October 2015: I cannot stress enough the importance of using caution when it comes to using the Internet, checking your emails and answering phone calls. Criminals are savvy con artists who steal billions of dollars from people each year.
Fraudsters are masters of age-old deception tricks. Often times, they persuade victims to hand over personal information and money willingly through telemarketing, Ponzi schemes and Internet scams.
Avoid becoming a victim and take steps to protect you and your money.
Don’t be fooled by promises. If you receive mail or a phone call stating you’ve won a free gift and all you need to do is pay postage or a small deposit, walk away. Con artists use convincing telemarketing to deceive victims. Mail may look like official letterhead from well-known companies. Criminals may cunningly pretend to represent local charities.
Adopt these principles:
Only pay for goods and services after you receive them.
Before giving money to a charity, personally investigate the company - find out how the money is used.
Never buy from an unfamiliar company – check the Better Business Bureau and Attorney General Office to see if any complaints have been filed against them.
If it sounds too good to be true, it is. Don’t be duped by instant cures, quick riches and guaranteed profits.
Never make a snap decision.
Never ever provide credit or debit card numbers, expiration dates, bank account numbers, birth dates, or Social Security numbers to persons over the phone, in emails or on the Internet, unless you are 100 percent certain your information is safe.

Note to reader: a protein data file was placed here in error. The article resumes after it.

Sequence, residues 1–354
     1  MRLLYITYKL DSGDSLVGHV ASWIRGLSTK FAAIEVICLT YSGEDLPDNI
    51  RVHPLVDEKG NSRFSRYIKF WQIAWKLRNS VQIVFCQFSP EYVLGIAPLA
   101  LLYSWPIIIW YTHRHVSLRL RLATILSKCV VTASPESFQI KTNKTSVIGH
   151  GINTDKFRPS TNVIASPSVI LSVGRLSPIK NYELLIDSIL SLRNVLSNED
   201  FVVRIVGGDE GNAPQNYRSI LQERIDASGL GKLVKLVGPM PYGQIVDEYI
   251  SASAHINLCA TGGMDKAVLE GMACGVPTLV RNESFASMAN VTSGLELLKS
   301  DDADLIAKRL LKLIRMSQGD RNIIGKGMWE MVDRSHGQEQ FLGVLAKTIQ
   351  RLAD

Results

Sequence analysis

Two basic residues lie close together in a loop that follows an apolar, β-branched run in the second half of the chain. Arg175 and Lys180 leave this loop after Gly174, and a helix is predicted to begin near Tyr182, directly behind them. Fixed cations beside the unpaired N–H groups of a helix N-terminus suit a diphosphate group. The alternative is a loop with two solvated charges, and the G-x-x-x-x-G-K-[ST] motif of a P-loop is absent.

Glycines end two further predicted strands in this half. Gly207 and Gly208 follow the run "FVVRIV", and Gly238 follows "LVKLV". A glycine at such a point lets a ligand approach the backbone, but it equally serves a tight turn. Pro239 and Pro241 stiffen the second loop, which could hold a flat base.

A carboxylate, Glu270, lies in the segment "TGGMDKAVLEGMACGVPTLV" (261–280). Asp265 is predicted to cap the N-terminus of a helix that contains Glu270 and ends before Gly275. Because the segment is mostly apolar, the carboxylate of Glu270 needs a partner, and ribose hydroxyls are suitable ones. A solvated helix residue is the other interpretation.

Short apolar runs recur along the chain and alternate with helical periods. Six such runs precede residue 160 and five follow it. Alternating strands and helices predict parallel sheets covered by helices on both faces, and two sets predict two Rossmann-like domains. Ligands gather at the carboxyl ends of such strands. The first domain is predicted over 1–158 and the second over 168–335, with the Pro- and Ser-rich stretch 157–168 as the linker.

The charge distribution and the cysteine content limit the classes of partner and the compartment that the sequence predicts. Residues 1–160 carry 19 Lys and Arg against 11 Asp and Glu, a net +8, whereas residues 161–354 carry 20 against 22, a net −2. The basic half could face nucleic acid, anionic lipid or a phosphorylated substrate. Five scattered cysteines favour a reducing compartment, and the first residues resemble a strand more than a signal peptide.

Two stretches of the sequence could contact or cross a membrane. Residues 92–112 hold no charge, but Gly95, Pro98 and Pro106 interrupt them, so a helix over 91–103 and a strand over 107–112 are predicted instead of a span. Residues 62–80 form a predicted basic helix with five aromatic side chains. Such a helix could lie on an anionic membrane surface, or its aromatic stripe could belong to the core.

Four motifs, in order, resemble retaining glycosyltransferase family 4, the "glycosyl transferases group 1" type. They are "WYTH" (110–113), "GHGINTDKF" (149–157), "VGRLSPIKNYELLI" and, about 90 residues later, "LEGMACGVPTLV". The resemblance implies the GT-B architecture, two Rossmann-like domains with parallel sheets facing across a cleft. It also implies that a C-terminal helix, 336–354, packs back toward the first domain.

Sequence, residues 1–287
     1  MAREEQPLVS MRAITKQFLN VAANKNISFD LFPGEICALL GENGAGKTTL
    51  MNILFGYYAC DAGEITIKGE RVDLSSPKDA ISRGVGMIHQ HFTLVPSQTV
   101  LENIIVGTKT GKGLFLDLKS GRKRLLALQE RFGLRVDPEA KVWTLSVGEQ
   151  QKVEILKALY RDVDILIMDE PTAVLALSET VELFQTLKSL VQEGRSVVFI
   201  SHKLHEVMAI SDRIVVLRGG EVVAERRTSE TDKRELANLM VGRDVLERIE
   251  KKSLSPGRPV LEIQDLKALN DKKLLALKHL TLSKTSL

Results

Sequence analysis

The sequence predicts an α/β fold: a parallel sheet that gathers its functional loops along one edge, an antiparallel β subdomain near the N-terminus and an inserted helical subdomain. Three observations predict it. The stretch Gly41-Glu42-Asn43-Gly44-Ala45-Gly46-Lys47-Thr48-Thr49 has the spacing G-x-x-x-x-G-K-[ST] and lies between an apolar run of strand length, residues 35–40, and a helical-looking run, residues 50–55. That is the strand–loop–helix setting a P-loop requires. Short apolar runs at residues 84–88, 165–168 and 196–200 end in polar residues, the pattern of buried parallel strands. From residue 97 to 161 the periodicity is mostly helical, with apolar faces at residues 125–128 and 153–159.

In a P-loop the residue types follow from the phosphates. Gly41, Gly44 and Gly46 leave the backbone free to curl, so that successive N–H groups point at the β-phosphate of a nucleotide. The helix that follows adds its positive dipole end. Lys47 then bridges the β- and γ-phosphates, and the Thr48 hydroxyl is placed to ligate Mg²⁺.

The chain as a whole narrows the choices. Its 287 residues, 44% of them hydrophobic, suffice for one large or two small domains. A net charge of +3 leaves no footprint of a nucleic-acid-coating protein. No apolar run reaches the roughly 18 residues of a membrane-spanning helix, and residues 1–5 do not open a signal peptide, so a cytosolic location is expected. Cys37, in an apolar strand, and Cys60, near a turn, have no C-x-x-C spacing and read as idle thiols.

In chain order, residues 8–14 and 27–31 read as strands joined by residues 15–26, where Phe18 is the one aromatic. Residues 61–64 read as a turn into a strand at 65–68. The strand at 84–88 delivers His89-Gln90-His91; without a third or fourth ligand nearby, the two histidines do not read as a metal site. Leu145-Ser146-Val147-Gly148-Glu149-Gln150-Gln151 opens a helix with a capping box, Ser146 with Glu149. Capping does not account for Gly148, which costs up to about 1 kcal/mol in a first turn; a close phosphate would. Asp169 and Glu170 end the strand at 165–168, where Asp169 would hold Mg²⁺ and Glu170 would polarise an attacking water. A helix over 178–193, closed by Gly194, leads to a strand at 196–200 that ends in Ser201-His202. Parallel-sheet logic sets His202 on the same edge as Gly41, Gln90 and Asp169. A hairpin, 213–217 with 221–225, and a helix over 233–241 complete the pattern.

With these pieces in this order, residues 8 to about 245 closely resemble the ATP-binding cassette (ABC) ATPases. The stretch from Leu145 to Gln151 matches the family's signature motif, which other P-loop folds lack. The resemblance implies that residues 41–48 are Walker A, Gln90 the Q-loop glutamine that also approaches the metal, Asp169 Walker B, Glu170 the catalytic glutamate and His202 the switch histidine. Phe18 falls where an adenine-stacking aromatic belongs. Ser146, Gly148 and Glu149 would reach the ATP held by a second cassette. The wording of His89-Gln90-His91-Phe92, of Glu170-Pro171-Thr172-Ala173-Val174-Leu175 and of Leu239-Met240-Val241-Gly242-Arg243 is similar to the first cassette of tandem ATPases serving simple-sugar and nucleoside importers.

Don’t be pressured by scare tactics. Fraudsters like to frighten victims into thinking they owe money to the IRS, or threaten arrest if they don’t pay an outstanding balance. Criminals can get their hands on public records and personal information from the Internet and social media networks, and create plausible schemes. Before you act out of fear, seek the truth.
Call the company directly to verify. Do not call the number provided to you. Call the number in the phonebook or on the company’s official website.
Review your bills and statements carefully. Fraudsters may claim you owe money for services not performed or send you fake bills.
Talk to your personal financial advisor before agreeing to any solicited investment proposal.
Safeguard your personal information. There are hundreds of scams, like phishing, texting, pop-up windowns, downloads, skimming and spyware, to trick you into revealing personal information. Assume anything you post or send online or via phone is public. Take these precautions to protect yourself:
Do not reveal any personal information, including your whereabouts online, e.g., social media check-in status.
Install anti-spyware software and update it regularly.
Check your accounts often, looking for unusual activity.
Do not agree to let online sites remember your passwords – this is an open door for hackers.
Always sign off or log out properly.
Do not click on links in emails without verifying the source. Often times, scammers will send you mail from a familiar address in your contact list.
Criminals do not discriminate. All ages and demographics are at risk. As Ben Franklin once said, “An ounce of prevention is worth a pound of cure.”
The Federal Trade Commission, ftc.gov, and Federal Bureau of Investigation, FBI.gov, offer recent scam alerts and more tips for fraud protection.
We are happy to answer any questions you may have. Call us at 855-BANK-RCB or visit your local RCB Bank location.